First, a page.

Jimmy's Bastards #1 from AfterShock -
Jimmy Regent is the best that MI6 has to offer - and he's also the worst. He's a handsome, brilliant and highly effective agent, but he's a womanizing, cocksure, offensive bastard...But he gets the job done. Fresh from taking down Theophilus Trigger, Regent's trigger-word spouting nemesis, and Bobo The Bastard, Trigger's evil, chimp sidekick with a glass-encased human brain, Regent's all set for a little rest and relaxation (and some shagging, of course). However, what Regent doesn't know is that a legion of dejected and neglected nutcases are on the warpath, and they are headed straight for Jimmy Regent. They blame Jimmy for their crappy lot in lives...And he just might be sorta, kinda responsible. Or not. Besides all this, Jimmy's new partner, Nancy McEwan, is a lethal stunner who doesn't seem to be interested in shagging Jimmy one little bit. What's the world's best secret agent to do? Hold on to your seats, Jimmy Regent is in for one heck of a ride!
If you know anything about comics, you don't need me to tell you who Garth Ennis is. He's one of modern comics' treasures, mostly because he can do it all: Ennis can write the funny, dark, offensive, irreverent stuff, like Preacher, and Adventures In the Rifle Brigade or he can write the hopeful, heroic stuff, like Dan Dare. In Jimmy's Bastards Ennis creates Jimmy Regent, a biting parody of James Bond, a character that actually goes for the gusto where Bond just tosses about innuendos. But Regent's real super-power, as it were, is his ability to not be offended by anything at all, which is a great power to have if you have a nemesis that's constantly spewing the foulest, most shocking, trigger words that you can possibly imagine. The cool concept is not wasted on me: if you don't want to be offended by anyone or anything, then don't be offended. You can't control others, so you have to get a handle on yourself, which is all you can do. Ennis uses his classic irreverent wit, and a lot of vulgarity, to drive home his point. I guess this is where I kind of felt a bit disappointed that Ennis, brilliant as he is, oversimplified such a complicated matter. Sure, you have to learn to have thick skin, and sure, society may go a bit overboard in trying to protect everyone's feelings; however, it's quite an easy thing for a person of Ennis' particular demographic to say "just get over it" especially when there are people that experience very real harassment, oppression and even threats to their existence. Be that as it may, Jimmy's Bastards #1 has a few moments that may shock you, make you think, and cause you to emit a tiny chuckle. It is a tick of fun to see such a beloved British character like James Bond exposed for all its absurdity while still resulting in a mildly enjoyable story. Russ Braun's artwork is totally gorgeous and sometimes quite reminiscent of Howard Chaykin's work. From the female form, to classic villains, to that square-jawed action hero of yesteryear, Braun hits all the right notes - and with John Kalisz's inks, this book is a stunner to behold. While this is not a book I'll be continuing, I am sure that it will find an audience with all those who are tired of "too much P.C. in comics (and in the world in general)." It's one of Ennis' more lackluster works (IMHO), but even a lackluster work from a genius is worth checking out.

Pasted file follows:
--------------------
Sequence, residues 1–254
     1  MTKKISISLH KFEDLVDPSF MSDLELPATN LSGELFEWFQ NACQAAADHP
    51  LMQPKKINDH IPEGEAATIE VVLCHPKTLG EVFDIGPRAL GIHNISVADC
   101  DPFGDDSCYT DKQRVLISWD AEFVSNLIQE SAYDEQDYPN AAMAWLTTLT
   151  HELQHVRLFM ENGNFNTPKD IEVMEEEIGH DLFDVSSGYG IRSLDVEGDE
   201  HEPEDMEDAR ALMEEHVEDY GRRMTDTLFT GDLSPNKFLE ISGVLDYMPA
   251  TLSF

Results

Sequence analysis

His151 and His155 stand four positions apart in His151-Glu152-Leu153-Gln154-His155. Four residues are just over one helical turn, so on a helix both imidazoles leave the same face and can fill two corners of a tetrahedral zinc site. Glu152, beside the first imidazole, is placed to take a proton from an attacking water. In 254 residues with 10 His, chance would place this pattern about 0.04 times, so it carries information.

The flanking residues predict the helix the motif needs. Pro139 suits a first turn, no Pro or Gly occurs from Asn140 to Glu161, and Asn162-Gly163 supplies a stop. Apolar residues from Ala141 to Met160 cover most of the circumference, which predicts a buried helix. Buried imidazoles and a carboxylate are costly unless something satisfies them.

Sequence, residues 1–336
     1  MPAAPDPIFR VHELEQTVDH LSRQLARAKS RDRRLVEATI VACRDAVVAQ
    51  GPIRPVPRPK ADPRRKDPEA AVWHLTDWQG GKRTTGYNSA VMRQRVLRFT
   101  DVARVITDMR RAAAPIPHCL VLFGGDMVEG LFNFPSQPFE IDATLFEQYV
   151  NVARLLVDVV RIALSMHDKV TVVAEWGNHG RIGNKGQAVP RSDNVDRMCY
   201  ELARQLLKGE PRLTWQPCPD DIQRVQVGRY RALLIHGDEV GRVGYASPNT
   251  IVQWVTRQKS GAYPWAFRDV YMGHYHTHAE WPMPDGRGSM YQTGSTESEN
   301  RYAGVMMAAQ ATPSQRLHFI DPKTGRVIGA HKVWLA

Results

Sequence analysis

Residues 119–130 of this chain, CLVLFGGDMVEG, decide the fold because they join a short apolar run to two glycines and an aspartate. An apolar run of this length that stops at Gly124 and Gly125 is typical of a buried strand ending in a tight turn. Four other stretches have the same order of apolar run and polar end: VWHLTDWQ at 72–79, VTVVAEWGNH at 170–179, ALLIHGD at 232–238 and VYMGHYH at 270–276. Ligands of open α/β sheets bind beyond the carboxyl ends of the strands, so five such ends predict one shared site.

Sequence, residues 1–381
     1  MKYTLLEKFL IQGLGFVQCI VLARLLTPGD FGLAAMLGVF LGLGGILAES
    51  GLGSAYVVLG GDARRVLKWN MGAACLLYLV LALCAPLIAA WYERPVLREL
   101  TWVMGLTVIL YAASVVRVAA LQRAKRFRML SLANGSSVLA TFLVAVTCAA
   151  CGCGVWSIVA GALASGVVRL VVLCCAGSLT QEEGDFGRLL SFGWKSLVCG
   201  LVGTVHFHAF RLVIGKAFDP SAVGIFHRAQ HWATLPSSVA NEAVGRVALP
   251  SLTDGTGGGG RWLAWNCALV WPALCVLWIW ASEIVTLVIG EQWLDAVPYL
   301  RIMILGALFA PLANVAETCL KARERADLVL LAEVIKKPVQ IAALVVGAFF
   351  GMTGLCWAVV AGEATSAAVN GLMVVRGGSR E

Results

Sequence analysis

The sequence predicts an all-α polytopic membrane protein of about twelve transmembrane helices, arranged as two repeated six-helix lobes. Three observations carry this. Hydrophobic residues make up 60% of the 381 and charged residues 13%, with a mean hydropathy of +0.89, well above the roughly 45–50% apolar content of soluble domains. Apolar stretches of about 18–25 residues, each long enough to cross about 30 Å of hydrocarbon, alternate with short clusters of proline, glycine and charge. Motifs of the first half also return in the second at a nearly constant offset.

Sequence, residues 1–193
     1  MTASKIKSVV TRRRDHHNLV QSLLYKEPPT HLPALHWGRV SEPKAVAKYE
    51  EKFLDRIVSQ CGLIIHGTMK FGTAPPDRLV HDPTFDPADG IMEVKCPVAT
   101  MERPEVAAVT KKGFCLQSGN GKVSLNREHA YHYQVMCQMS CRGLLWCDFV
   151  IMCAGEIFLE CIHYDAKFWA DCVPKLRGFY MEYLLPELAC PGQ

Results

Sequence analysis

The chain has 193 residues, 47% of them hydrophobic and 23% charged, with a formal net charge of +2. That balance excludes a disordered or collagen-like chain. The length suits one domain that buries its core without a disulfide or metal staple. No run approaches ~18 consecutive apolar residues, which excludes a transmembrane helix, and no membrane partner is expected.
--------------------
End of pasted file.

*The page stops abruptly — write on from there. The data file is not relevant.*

RATING: 7 out of 10.
CAVEAT: NOT FOR KIDS, NOR THOSE OF DELICATE SENSIBILITIES.